AUSTIN,Texas (FOX 7 Austin) - Starting March 1, city workers here Austin will be subject to a new and improved "secondary employment" policy.
Otherwise known as a "moonlighting" policy obviously the city prefers the first title.
Employees will have to notify their supervisors about any secondary jobs they might have.
"You know a lot of large cities do this, a lot of large employers do it. At least some jobs at the State of Texas for example, you're required as part of your employment to fill out a form early on," said District 9 City Council Member Kathie Tovo.
Tovo, who also sits on the Audit and Finance Committee, says city staff will start the training soon.
"It allows for Human Resources personnel to evaluate whether or not particular kinds of employment are in conflict with a person's responsibilities for the City of Austin," Tovo said.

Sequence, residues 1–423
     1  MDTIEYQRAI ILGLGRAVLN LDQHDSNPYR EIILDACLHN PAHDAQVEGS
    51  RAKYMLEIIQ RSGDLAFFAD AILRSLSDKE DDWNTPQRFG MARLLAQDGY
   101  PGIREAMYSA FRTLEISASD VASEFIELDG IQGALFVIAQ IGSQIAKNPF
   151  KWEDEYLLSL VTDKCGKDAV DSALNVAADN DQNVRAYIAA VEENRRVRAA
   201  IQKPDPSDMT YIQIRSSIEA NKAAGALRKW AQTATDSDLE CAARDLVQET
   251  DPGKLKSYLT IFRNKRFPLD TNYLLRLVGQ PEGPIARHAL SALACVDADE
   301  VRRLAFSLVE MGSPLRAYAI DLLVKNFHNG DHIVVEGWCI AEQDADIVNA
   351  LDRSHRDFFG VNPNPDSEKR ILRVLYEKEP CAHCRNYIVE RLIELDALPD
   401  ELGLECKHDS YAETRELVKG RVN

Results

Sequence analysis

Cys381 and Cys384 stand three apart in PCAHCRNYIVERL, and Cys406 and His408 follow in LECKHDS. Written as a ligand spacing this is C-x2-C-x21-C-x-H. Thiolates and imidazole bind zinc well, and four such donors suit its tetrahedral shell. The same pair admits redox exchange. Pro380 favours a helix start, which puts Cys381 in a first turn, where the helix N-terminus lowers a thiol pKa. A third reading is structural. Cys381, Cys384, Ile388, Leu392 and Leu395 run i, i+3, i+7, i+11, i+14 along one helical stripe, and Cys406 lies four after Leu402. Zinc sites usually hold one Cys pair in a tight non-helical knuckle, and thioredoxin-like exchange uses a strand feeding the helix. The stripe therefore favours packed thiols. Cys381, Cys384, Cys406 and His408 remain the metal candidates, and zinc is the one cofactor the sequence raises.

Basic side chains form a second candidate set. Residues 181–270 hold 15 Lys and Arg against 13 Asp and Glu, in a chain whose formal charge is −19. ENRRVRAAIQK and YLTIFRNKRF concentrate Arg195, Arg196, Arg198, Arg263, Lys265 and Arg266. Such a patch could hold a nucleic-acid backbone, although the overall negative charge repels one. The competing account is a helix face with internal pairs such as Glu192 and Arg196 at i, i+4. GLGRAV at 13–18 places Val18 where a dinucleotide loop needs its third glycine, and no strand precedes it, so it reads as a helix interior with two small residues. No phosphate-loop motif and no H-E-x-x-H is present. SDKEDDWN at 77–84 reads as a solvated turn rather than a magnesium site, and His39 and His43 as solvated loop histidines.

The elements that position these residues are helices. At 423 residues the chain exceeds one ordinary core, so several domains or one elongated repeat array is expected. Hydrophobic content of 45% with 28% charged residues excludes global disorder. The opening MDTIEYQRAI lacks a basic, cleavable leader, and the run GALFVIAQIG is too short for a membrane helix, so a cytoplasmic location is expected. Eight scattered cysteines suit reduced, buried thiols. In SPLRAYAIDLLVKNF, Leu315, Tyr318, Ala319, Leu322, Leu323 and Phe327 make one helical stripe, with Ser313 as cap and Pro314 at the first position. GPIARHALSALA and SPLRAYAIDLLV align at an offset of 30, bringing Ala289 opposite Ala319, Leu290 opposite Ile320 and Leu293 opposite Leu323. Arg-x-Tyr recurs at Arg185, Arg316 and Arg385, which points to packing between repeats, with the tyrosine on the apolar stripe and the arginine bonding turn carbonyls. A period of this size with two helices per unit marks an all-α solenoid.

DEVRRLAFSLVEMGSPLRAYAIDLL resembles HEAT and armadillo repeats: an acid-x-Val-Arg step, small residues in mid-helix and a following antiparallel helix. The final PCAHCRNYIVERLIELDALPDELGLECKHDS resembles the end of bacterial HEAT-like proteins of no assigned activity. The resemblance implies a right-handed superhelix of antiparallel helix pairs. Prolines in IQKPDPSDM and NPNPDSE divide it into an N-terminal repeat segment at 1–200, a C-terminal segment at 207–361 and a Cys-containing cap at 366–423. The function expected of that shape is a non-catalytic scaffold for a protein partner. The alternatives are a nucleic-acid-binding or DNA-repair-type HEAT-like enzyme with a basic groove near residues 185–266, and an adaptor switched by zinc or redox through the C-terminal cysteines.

Austin's Human Resources Director Joya Hayes tells Fox 7 by phone, there are already rules on the books prohibiting city employees from having outside jobs that conflict or interfere with their city duties...this policy creates a city-wide procedure for reporting second jobs to their superiors.
Hayes says an employee will submit a form to their department's HR team and the department will evaluate whether it conflicts. To maintain the employee's privacy, Hayes says a worker's supervisor will know they have a second job they just won't know what it is.
On a separate but similar note, a city Public Works employee recently resigned after being investigated by the City Auditor. The auditor concluded that employee was using his city computer and e-mail account to do things related to an outside job as owner-operator of 2 food trucks.
Hayes says the new "secondary employment" procedure is not a result of that incident (this has been in the works for years) but she says it will provide some clarity to employees about using city resources for outside work. Once you sign off on the training you acknowledge that you understand before you're held accountable for it.
Tovo points out everything city employees use from phones, to their office...it's a city resource.
"It's supposed to be used in the public's interest, for city business not for personal business. It's very important to continue to monitor that and to make sure that all employees understand what that means and abide by that policy," Tovo said.